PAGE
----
Pursuing an Encore Career as a Teacher

6 years ago

This Week in Kaplan University's Visionary Voices video series: changing careers to be a teacher. Watch the video now!

If you're considering a new career as a teacher, there couldn't be a more exciting time to enter the field, according to Margaret Spellings, former U.S. Secretary of Education and an expert on education and public policy.

Technological innovations and more opportunities for online learning are only a few of the reasons why mid-life job changers should consider teaching as an encore career, says Spellings in Kaplan University’s Visionary Voices video series.

Spellings is president and chief executive of Margaret Spellings and Co., a public policy consulting firm, and serves as a senior advisor to the U.S. Chamber of Commerce and on multiple non-profit boards.

"In the global knowledge economy, what industry do I want to be in – education," Spellings says in the video. "It’s a fabulous place to make a career, it’s certainly not an industry that’s going away, it’s a place to make a difference, and it’s a place to have a heck of a lot of fun."

Schools need career changers who have the time and willingness to give back, Spellings says. "We need those people," especially those with math and science skills that they can share with a new generation of learners, she says.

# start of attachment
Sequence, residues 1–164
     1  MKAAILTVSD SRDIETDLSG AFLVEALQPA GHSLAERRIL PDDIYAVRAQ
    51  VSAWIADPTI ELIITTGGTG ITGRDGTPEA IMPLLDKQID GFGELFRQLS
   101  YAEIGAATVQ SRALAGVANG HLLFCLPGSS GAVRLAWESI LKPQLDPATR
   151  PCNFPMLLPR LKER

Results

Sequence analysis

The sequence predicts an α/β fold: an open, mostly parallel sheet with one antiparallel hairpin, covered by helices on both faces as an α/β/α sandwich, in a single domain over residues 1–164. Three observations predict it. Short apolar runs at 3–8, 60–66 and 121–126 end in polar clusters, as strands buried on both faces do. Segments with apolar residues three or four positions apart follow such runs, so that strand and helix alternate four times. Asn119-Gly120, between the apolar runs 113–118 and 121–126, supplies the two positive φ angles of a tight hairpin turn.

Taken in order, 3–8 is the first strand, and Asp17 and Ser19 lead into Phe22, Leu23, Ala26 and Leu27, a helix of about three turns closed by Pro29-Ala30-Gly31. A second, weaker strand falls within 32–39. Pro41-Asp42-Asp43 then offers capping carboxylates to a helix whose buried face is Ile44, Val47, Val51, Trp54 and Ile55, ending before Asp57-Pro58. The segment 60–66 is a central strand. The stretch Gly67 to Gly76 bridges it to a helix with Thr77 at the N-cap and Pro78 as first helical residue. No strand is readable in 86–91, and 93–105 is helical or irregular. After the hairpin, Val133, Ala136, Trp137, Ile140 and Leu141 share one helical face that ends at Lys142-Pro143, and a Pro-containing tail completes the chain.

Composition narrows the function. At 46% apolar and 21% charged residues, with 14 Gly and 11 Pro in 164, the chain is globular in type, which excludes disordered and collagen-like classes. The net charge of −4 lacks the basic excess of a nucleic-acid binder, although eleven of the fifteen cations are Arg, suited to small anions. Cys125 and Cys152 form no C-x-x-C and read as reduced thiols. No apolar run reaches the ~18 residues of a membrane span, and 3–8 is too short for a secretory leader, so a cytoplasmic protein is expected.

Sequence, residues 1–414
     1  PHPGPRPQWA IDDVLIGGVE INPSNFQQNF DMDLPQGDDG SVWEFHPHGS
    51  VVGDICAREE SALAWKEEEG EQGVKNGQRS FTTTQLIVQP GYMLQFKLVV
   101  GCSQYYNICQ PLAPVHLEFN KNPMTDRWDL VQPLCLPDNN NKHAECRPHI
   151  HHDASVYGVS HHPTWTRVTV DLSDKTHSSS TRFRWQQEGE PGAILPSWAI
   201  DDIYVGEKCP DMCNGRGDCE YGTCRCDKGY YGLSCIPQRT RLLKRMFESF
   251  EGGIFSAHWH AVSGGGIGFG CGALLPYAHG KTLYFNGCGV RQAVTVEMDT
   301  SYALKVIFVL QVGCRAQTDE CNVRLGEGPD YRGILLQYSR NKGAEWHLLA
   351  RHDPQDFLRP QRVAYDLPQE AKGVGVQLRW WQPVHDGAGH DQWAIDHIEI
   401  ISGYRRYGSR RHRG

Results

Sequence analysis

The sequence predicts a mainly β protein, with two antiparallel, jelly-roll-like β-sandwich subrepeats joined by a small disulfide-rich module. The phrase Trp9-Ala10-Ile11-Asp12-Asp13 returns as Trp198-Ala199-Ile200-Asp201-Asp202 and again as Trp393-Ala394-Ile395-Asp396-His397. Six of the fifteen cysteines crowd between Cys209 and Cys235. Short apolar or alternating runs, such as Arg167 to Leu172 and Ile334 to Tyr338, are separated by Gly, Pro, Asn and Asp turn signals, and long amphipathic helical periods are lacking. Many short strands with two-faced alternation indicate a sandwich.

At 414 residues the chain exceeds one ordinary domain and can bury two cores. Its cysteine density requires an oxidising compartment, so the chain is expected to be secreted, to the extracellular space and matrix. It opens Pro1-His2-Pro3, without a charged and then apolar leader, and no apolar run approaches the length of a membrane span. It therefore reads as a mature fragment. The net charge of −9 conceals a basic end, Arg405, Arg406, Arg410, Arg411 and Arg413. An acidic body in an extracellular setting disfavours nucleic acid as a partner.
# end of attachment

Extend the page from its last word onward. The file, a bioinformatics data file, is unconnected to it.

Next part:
Check out the video to hear more of what Spellings says about life-long learning and opportunities in education. Fast-forward to 4:40 to hear her thoughts on encore careers in education:


Kaplan University provides a practical, student-centered education that prepares individuals for careers in some of the fastest-growing industries. The University, which has its main campus in Davenport, Iowa, and its headquarters in Chicago, is accredited by The Higher Learning Commission (www.ncahlc.org). It serves more than 53,000 online and campus-based students. The University has 11 campuses in Iowa, Nebraska, Maryland and Maine, and Kaplan University Learning Centers in Maryland, Wisconsin, Indiana, Missouri and Florida.

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